Dewhurst, K., & Beard, A. W. (1970). Sudden religious conversions in temporal lobe epilepsy. The British Journal of Psychiatry 117(540): 497–507. https://doi.org/10.1192/bjp.117.540.497
Foote-Smith, E., & Bayne, L. (1991). Joan of Arc. Epilepsia 32(6): 810–815. https://doi.org/10.1111/j.1528-1157.1991.tb05537.x
Freemo, F. R. (1976). A differential diagnosis of the inspirational spells of Muhammad the prophet of Islam. Epilepsia 17(4): 423–427. https://doi.org/10.1111/j.1528-1157.1976.tb04454.x
Gazzaniga, M. S., (Ed.). (1997). Conversations in the cognitive neurosciences. Cambridge, MA: Massachusetts Institute of Technology Press. https://doi.org/10.7551/mitpress/2162.001.0001
———. (Ed.). (2000). The new cognitive neurosciences. Cambridge, MA: Massachusetts Institute of Technology Press.
Grinker, R. R. (2007). Unstrange minds: Remapping the world of autism. New York: Basic Books.
Guthrie, S. (1993). Faces in the clouds: A new theory of religion. New York: Oxford University Press.
James, W. (1902/2002). The varieties of religious experience: A study in human nature. London: Routledge. https://doi.org/10.1037/10004-000
Landsborough, D. (1987). St. Paul and Temporal Lobe Epilepsy. Journal of Neurology, Neurosurgery & Psychiatry 50(6): 659–664. https://doi.org/10.1136/jnnp.50.6.659
Maij, D. L. R., van Schie, H. T., & van Elk, M. (2019). The boundary conditions of the Hypersensitive Agency Detection Device: An empirical investigation of agency detection in threatening situations. Religion, Brain & Behavior 9(1): 23–51. https://doi.org/10.1080/2153599X.2017.1362662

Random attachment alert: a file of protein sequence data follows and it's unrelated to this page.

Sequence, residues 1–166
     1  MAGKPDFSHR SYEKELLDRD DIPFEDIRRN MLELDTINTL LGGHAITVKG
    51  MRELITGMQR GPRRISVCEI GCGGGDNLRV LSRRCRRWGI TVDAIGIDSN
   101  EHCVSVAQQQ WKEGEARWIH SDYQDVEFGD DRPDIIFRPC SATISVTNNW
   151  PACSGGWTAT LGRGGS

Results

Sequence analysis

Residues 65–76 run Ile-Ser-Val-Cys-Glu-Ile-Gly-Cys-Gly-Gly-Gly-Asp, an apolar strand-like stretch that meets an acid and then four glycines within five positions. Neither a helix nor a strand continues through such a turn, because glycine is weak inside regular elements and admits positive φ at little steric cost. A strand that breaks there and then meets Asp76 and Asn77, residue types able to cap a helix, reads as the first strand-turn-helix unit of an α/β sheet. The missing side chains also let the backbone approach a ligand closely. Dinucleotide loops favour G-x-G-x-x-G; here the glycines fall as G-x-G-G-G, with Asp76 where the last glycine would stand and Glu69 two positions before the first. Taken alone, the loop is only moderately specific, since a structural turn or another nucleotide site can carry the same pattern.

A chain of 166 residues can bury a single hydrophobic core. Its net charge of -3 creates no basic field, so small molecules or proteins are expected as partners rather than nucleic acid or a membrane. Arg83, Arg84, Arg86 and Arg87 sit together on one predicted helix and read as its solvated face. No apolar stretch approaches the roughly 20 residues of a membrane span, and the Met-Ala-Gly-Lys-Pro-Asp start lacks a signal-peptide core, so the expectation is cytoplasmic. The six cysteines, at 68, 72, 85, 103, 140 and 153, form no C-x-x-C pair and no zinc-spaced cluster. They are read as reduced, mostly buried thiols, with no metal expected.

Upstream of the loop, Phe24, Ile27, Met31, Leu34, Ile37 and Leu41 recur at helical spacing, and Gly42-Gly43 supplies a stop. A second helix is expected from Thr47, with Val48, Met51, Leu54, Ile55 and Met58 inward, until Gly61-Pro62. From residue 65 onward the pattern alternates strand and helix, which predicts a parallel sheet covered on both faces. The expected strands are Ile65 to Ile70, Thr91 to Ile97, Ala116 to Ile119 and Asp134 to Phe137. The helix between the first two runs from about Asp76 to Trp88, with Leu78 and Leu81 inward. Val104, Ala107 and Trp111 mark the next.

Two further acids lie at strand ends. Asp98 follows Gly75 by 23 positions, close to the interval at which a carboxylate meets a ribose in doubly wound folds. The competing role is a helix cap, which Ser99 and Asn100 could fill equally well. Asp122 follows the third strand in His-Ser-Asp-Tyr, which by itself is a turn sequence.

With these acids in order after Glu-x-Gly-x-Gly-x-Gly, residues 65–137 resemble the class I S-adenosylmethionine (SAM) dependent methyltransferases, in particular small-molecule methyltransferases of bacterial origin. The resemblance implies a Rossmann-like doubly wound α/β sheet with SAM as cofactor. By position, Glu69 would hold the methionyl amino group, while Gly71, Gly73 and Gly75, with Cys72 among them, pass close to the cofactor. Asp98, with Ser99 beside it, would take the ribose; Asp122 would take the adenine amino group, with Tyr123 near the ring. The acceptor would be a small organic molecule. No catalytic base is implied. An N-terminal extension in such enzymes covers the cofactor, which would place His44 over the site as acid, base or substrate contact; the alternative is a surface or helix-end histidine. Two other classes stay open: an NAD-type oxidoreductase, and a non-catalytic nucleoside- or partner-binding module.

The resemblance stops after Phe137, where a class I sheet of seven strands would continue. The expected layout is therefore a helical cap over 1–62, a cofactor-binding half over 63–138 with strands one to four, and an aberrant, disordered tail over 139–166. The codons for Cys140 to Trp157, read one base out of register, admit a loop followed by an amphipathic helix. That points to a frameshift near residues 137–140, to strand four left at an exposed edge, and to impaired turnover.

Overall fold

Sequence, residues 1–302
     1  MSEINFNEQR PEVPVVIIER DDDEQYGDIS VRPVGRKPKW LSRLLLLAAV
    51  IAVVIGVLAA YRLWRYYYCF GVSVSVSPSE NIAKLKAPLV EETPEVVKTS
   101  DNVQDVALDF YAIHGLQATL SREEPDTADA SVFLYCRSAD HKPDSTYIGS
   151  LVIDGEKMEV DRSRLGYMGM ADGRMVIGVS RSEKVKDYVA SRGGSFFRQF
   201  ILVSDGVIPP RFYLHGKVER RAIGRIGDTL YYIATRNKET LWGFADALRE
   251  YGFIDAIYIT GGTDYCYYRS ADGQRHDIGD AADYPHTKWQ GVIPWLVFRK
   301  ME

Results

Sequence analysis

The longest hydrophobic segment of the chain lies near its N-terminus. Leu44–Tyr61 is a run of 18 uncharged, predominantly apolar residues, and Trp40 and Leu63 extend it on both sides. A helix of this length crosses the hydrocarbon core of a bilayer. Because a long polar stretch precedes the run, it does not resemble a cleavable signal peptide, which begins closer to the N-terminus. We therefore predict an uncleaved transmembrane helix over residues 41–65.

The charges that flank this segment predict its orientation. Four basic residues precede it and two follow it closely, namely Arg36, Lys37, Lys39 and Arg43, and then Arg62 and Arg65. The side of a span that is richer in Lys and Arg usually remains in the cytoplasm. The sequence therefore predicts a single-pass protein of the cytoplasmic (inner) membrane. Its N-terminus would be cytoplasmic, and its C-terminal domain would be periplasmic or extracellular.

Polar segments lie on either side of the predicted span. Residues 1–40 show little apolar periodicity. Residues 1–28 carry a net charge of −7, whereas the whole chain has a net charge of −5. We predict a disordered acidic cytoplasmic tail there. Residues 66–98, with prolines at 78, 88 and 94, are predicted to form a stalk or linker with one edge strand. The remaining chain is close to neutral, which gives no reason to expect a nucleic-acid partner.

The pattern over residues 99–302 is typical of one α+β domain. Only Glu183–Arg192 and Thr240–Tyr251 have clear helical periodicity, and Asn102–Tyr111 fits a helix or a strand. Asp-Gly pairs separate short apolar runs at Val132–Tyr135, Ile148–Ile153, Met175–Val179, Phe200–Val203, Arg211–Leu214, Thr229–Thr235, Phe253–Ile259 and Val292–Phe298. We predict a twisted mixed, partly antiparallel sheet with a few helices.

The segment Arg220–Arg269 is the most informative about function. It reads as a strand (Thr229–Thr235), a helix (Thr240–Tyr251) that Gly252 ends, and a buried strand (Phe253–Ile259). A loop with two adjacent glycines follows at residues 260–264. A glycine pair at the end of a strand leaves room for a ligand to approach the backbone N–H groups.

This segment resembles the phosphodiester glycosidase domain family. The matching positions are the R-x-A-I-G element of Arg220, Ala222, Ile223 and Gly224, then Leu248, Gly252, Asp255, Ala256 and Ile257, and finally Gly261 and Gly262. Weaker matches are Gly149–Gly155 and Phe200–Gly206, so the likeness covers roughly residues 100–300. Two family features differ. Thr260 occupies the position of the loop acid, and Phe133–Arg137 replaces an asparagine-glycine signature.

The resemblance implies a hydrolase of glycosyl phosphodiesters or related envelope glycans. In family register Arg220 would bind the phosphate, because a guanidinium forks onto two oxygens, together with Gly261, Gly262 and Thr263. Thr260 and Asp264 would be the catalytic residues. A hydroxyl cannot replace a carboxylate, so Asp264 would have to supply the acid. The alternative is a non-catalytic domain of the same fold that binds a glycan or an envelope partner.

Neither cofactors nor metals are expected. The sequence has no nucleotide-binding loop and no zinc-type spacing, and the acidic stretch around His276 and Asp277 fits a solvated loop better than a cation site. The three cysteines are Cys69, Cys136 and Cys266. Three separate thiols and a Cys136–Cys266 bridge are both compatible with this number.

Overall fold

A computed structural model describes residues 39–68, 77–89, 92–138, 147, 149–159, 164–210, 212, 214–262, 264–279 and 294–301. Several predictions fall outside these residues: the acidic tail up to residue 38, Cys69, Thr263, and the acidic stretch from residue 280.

McCauley, R. N., & Graham, G. (2019). Hearing voices and other unusual experiences: What mental abnormalities can teach us about religions. Oxford: Oxford University Press.
Persinger, M. A. (1983). Religious and mystical experiences as artifacts of temporal lobe function: A general hypothesis. Perceptual and Motor Skills 57(3): 1255–1262. https://doi.org/10.2466/pms.1983.57.3f.1255
———. (1991). Preadolescent religious experience enhances temporal lobe signs in normal young adults. Perceptual and Motor Skills 72(2): 453–454. https://doi.org/10.2466/pms.19220.127.116.113
Schachter, S. C. (2006). Religion and the brain: The evidence from Temporal Lobe Epilepsy. In Patrick McNamara (Ed.). Where God and science meet: How brain and evolutionary studies alter our understanding of religion (pp. 171–188). Westport, CT: Praeger.
van Elk, M. (2013). Paranormal believers are more prone to illusory agency detection than skeptics. Consciousness and Cognition 22(3): 1041–1046. https://doi.org/10.1016/j.concog.2013.07.004
van Elk, M., Rutjens, B. T., van der Pligt, J., & van Harreveld, F. (2014). Priming of supernatural agent concepts and agency detection. Religion, Brain & Behavior 6(1): 4–33. https://doi.org/10.1080/2153599X.2014.933444
Wiesner-Hanks, M. (2007). Women and religious change. In R. P. Hsia (Ed.). The Cambridge history of Christianity: Reform and expansion, 1500–1660 (pp. 465–482). Cambridge, UK; New York: Cambridge University Press. https://doi.org/10.1017/CHOL9780521811620.026
How to Cite
Equinox Publishing Ltd.